That's why this Pentecost celebration is so important. Pentecost is the birthday of the Church. Pentecost is our birthday as a believing people. The Church, like Mary, is about new life. The Holy Spirit filled Mary with new life at the Annunciation, and Mary gave birth to Jesus. The Holy Spirit filled the Apostles with new life at Pentecost, and they immediately gave birth to a new era through their preaching and example. God is a God of abundance, not sterility; confidence, not fear. God relentlessly creates new life through each of us - if we allow Him to. We're meant to be fertile. We're meant to bring others to new life in Jesus Christ. The "Acts of the Apostles" should continue today in the witness of our own lives.

Anonymous Christians?

God doesn't need "anonymous" Christians, Christians who blend in, Christians who don't make waves. We're here to rock the boat. That's what it means to be leaven. The Epistle of James says that faith without works is a dead faith. John Paul II says the same thing with a slightly different twist: Faith which does not become culture is dead faith. By "culture" he means the entire environment of our lives. Our culture reflects who we are and what we value. If we really believe in the Lordship of Jesus Christ, it will be obvious in our families, our work, our laws, art, music, architecture - everything.

Faith should impregnate everything we do. It should bear fruit every day in beauty and new life. And that's why God doesn't need "nice" Christians, Christians who are personally opposed to sin, but too polite to do anything about it publicly. Mother Teresa was a good and holy woman . . . but she was not necessarily "nice."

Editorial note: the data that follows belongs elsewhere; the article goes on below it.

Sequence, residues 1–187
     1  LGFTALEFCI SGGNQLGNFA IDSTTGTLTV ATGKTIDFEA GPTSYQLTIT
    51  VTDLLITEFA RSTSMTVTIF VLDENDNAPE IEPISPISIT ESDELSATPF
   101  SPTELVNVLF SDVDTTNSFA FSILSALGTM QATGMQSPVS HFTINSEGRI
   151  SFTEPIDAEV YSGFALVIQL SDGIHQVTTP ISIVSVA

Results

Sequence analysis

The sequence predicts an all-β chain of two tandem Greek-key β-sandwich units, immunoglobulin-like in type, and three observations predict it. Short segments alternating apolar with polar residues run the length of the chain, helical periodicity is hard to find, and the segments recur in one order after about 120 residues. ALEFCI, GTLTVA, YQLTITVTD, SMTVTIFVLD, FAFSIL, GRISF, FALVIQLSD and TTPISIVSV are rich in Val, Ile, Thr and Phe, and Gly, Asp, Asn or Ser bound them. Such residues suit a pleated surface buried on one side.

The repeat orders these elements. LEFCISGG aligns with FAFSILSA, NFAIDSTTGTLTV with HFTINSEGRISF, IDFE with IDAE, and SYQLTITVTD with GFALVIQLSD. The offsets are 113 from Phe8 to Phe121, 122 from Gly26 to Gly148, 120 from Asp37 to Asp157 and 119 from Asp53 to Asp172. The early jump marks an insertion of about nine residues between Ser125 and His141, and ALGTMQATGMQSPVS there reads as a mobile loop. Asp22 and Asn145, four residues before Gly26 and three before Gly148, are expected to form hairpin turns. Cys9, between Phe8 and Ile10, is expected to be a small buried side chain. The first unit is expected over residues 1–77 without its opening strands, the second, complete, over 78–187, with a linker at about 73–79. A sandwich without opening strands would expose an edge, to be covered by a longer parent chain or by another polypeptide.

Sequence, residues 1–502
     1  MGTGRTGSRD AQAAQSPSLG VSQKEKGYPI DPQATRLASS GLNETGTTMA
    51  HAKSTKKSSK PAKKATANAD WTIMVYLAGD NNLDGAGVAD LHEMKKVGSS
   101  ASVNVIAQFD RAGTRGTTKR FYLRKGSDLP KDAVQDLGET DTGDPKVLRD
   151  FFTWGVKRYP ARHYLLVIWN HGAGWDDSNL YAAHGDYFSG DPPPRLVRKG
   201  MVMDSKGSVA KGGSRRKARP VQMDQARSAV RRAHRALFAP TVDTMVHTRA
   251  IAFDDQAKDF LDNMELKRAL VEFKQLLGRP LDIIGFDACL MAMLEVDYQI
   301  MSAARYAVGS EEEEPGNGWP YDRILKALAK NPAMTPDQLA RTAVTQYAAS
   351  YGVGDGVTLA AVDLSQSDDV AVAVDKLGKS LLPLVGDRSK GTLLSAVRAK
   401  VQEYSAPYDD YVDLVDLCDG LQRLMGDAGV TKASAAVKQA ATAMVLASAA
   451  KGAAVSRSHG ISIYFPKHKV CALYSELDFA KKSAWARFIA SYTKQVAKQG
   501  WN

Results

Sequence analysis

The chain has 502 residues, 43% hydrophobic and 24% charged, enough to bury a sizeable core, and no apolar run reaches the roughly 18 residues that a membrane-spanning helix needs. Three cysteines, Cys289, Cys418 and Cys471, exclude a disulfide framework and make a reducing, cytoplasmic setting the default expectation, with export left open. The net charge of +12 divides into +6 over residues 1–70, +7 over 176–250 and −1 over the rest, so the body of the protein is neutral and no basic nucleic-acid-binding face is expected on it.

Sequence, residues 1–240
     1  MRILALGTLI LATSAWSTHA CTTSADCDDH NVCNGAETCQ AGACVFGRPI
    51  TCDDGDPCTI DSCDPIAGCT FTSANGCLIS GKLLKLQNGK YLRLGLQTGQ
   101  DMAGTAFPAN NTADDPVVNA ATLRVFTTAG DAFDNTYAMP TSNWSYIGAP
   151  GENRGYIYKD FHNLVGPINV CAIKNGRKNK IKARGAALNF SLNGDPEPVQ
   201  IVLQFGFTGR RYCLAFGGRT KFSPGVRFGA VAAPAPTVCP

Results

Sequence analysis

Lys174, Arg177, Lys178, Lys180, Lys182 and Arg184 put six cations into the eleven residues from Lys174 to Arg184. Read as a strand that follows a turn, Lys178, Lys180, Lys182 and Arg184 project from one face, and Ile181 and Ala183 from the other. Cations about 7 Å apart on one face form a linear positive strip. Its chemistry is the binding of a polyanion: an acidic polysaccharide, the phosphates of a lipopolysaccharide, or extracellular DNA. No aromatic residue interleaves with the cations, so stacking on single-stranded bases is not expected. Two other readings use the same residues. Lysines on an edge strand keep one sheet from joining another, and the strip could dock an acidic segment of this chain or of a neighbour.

Real discipleship should be loving and generous, just and merciful, honest and wise - but also tough and zealous . . . and determined to turn the world toward Christ. When Jesus told us, "Go therefore, and make disciples of all nations" (Mt 28:19), He not only gave us the missionary mandate to convert the world, He also gave us the reason to have confidence in accomplishing it. The last thing He told the Apostles before returning to His Father in heaven was, "I am with you always, to the close of the age" (Mt 28:20). In that one simple verse is the key to the life of the Church and the meaning of the Great Jubilee.